San Diego’s diverse economy, once dominated by defense, also is driven by manufacturing, tourism, high-technology, biotech, financial and business services, health care and retail. Situated on one of the busiest international borders in the world, with one of California’s five major port operations, San Diego is also fueled by international trade and shipping.
Defense spending has remained relatively stable over the last several years, and the industry helped lessen the impact of the recession in San Diego. The Department of Defense is the single largest employer in the county, and military investment in the region also affects manufacturing, software and computer services, communications, professional services and recreational goods. In addition, many of the firms that once focused on military-related goods and services are now expanding into consumer products.
Manufacturing in San Diego includes the areas of shipbuilding and repair, industrial machinery and computers, metal production and the manufacture of toys and sporting goods.
Tourism, which includes hospitality, conventions and gaming, employs a workforce of more than 160,000 in the region, according to the San Diego Convention and Visitors Bureau. San Diego is considered a top U.S. travel destination and hosts more than 31 million visitors each year. These visitors spend more than $7.5 billion annually, creating an economic impact of over $17 billion for the regional economy.
San Diego’s innovation economy includes the life sciences, technology, telecom and cleantech sectors. The cluster employs more than 170,000 people, and includes over 80 research institutions in the region, according to the San Diego Regional Economic Development Corp.
San Diego is home to more than 1,400 software and computer services companies. The region has become a leader in software development, programming, systems integration and other related services. Its life sciences companies and research institutions form one of the top three biotech clusters in the nation, while the burgeoning cleantech sector has seen growth in areas such as biofuels, smart grid technology, solar energy, energy efficiency and energy storage.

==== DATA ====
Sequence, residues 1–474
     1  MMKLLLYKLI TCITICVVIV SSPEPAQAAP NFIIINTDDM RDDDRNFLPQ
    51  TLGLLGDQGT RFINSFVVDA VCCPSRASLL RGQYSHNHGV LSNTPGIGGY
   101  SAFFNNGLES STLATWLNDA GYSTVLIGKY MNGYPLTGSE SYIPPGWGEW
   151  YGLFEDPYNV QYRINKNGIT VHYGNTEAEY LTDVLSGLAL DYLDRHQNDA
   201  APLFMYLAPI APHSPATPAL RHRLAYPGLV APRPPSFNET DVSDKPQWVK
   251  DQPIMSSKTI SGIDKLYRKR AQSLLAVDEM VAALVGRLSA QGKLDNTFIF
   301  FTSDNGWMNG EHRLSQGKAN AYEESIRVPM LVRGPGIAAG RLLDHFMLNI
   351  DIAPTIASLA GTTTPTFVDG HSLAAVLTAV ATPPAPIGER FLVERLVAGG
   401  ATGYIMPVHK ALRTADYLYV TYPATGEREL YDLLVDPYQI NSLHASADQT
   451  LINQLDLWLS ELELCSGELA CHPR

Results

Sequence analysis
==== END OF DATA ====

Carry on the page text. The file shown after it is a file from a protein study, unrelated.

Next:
As the U.S. economy continues its slow recovery, businesses remain cautious about expanding. And while access to credit has improved, many businesses and consumers will continue to struggle to get loans from financial institutions. Local banks, now going through a spate of mergers and acquisitions, should further improve financial performance.
Some economists say the jobs market here won’t return until the construction industry recovers. But with a surplus of distressed and vacant properties, there’s little demand for more construction. Education, government and civic projects continue to form the lion’s share of current construction.
The housing market remains slow, though showing signs of improvement. Commercial vacancies are still high in many areas, and ongoing challenges to the industry include maturing notes that will be unable to be refinanced and underwater loans.
The local health care industry is a bright spot, and expects to see robust growth. An aging population, innovative therapies and better survival rate for injuries and diseases will keep demand for health care high.
San Diego is also home to many professional and business services, such as legal, accounting and management. These sectors help diversify the local economy and should aid in job creation.